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My New Magic Recipe

By Constantinos Ketonis, MD, PhD

Surgeons are often called “creatures of habit” and are known to abide by the slogan “if it’s not broken don’t fix it.” We like routine and we like to perform each procedure the exact same way, every time–from the placement of the retractors to the application of the bandages. There is definitely comfort in knowing that something you have done hundreds of times has been successful and can be performed using muscle memory. If it works well, we stick with the magic recipe and resist change. However, it is the novel case that challenges us to change and improve, using creative solutions to address the problem at hand.  

We complete our fellowship training thinking that we have probably seen nearly all the possible scenarios one could encounter. We soon realize that the one year of training is only enough to ground us in the basic principles of hand surgery. We, as hand surgeons, are nevertheless able to navigate through the infinite number of injury patterns or pathologies because of our understanding of anatomy and the application of developed skills. Perhaps, more so than in any other field, creativity is thus required to amalgamate all these elements into the desired outcomes – and this is what I love about hand surgery. 

In my view, the decision to try a new technique or procedure usually stems from one of three motivations:

1.     A not previously encountered injury pattern or pathology that requires a potentially new technique to address it

2.     The current approach is either inefficient, unnecessarily complicated or otherwise yields unpredictable results

3.     The current technique works well, but there is room for improvement, i.e., decreased operative time, use of smaller incision, shorter rehabilitation time, etc.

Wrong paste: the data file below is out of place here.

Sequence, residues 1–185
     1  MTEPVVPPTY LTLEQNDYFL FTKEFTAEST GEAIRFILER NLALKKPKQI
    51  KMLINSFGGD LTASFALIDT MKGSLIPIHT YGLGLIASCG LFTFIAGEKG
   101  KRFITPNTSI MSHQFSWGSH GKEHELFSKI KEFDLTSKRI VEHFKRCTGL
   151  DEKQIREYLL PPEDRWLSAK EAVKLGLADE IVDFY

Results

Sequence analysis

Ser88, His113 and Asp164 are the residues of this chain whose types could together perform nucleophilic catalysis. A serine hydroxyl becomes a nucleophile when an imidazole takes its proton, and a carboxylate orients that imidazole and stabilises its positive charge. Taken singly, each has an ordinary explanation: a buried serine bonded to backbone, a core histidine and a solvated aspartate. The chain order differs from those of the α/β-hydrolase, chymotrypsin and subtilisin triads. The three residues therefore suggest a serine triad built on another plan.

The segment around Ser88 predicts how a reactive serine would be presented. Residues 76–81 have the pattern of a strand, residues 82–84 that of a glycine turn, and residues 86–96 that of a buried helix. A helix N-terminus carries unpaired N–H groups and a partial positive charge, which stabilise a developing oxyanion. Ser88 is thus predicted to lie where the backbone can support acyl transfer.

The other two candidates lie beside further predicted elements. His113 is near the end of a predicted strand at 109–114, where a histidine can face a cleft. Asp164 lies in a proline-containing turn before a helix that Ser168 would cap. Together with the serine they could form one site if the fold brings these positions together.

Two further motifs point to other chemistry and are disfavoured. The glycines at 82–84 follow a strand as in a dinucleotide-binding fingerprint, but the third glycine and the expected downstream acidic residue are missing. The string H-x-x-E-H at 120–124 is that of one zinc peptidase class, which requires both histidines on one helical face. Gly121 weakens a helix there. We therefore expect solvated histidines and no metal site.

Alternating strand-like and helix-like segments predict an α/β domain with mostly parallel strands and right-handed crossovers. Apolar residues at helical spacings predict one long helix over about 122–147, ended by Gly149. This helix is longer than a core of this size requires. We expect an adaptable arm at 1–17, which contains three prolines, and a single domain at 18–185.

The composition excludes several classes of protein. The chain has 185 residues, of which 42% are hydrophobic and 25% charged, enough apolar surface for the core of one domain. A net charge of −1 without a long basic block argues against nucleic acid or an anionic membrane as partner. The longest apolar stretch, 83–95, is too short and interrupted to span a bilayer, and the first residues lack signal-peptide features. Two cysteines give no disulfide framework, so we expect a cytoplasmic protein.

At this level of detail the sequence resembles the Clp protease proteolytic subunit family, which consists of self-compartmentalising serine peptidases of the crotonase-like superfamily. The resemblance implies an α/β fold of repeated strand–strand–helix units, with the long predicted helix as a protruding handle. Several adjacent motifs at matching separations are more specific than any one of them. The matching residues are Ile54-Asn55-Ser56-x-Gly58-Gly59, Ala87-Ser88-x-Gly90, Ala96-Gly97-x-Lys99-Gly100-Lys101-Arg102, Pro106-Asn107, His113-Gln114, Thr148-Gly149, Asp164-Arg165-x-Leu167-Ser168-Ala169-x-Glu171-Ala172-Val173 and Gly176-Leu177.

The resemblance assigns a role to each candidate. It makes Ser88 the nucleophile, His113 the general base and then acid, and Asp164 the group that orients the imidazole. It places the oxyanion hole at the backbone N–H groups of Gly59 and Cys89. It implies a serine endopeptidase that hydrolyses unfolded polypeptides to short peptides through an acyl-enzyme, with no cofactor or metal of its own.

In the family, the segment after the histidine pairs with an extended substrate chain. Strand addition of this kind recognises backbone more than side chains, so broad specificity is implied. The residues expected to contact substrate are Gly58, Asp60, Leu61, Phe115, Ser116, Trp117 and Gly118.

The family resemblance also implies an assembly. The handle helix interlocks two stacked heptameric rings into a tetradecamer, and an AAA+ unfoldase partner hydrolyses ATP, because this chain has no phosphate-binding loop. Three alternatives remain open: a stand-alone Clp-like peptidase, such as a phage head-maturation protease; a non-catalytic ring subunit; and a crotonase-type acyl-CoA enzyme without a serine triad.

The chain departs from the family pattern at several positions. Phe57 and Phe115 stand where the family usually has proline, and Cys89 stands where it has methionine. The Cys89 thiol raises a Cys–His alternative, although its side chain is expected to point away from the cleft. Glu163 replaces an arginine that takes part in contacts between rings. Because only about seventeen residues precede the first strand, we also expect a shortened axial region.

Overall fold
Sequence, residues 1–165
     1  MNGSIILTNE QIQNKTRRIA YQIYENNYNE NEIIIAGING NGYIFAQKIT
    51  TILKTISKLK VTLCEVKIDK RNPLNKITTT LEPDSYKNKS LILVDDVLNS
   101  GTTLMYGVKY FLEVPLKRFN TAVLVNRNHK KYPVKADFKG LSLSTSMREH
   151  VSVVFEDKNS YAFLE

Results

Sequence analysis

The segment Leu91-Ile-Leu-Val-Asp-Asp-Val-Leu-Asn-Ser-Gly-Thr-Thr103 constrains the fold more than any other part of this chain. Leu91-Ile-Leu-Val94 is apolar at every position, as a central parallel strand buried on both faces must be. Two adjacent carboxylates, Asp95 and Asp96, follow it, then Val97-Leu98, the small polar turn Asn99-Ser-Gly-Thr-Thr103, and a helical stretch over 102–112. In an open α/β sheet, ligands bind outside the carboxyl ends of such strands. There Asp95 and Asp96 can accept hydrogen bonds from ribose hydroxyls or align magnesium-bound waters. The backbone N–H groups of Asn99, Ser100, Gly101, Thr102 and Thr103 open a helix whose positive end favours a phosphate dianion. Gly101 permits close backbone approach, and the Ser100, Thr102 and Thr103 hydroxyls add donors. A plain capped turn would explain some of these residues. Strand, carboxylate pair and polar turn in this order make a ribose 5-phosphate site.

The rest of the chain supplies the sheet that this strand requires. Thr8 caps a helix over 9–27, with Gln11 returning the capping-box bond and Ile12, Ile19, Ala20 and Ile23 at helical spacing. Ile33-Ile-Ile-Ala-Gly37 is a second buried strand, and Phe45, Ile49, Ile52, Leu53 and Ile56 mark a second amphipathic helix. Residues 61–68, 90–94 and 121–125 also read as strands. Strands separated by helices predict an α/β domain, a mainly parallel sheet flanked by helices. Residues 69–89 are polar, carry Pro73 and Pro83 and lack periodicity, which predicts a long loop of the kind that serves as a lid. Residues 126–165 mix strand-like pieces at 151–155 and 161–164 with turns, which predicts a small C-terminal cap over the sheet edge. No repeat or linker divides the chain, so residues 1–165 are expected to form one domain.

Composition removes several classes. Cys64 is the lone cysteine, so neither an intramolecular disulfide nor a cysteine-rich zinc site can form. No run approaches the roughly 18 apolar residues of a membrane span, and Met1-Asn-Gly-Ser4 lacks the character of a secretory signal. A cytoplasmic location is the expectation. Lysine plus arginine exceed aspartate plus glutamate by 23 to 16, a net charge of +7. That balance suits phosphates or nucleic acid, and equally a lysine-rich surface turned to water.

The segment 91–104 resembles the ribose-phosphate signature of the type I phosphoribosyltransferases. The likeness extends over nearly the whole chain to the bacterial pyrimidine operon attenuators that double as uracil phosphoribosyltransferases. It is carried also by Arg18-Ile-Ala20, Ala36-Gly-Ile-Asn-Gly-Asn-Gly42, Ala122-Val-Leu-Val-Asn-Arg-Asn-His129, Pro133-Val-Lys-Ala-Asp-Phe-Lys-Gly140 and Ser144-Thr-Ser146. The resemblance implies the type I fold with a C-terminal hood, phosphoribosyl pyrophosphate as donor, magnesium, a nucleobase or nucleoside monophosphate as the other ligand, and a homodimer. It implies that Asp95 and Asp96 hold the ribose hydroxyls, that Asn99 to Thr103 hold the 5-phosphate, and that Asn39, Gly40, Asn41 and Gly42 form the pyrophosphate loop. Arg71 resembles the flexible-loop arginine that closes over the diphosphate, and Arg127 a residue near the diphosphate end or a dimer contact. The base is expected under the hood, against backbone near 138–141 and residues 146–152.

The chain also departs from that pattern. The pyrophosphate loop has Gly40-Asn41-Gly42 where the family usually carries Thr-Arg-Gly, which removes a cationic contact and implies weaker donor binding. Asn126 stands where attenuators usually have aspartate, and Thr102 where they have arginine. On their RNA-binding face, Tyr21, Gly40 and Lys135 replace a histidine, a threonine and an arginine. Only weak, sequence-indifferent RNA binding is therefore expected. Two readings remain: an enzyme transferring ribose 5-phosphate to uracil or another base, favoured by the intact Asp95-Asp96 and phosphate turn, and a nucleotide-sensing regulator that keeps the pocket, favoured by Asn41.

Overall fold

Recently, I tried a new technique which falls into the third category, and has changed the way I approach metacarpal fractures. Throughout my training, I have seen operative metacarpal fractures treated with either K-wires or plates and screws. In the summer between fellowship and beginning practice, I traveled to Spain and spent time with Dr. Francisco del Piñal, who I find extremely skilled and innovative, seeking to learn his approach to difficult problems in hand surgery. It was an incredible experience but one of the things that most impressed me was how quickly his patients with phalangeal and metacarpal fractures regained function and range of motion, allowing them to return to work and activities sooner. As it turns out, a large majority of these fractures were fixed with intramedullary headless compression screws through small incisions that allowed for early active motion and minimal immobilization. He has since published further on these techniques, but it was then that I realized that this technique would certainly become an important part of my armamentarium of repairing these types of fractures. Shortly thereafter, I began to notice a relatively new vendor at the ASSH meeting exhibit halls who demonstrated an intramedullary fixation implant specifically made for metacarpal fractures, further corroborating use of the technique I first encountered in Europe. Upon starting practice, I then discovered that one of my partners had been using this implant, had good experience with it, and that the system was available at our institution. This was the last element I needed to change my approach. I observed him using it a few times, studied the technique guide, watched as many videos I could find and then waited for the perfect patient. For me, that patient was a simple transverse ring finger metacarpal fracture with angulation and scissoring. The case went perfectly, and the patient regained full motion and returned to activities much faster than I had anticipated. Since then, I address the vast majority of metacarpal fractures with intramedullary fixation with the exception of highly comminuted patterns where I still use plates and screws. I have made small incremental adjustments to the technique and now I do these under local anesthesia only. It has become my new magic recipe.

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